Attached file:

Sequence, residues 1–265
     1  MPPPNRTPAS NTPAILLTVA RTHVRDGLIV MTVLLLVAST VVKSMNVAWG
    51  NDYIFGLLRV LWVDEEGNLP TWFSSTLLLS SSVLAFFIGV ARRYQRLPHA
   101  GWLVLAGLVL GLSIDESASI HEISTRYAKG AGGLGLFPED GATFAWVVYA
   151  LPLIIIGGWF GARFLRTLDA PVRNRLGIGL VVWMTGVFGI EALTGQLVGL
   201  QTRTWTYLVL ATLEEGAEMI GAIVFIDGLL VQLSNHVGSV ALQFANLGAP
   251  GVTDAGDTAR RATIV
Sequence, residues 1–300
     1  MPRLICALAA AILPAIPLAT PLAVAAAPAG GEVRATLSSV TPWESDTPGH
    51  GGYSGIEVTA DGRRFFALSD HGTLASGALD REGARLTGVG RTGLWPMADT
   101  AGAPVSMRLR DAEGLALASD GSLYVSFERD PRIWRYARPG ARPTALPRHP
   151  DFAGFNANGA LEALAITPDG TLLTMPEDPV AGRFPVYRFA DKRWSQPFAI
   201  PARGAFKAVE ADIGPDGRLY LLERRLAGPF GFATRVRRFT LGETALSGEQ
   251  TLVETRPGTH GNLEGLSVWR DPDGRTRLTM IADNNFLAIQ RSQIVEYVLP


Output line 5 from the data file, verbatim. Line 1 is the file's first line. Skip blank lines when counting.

   151  LPLIIIGGWF GARFLRTLDA PVRNRLGIGL VVWMTGVFGI EALTGQLVGL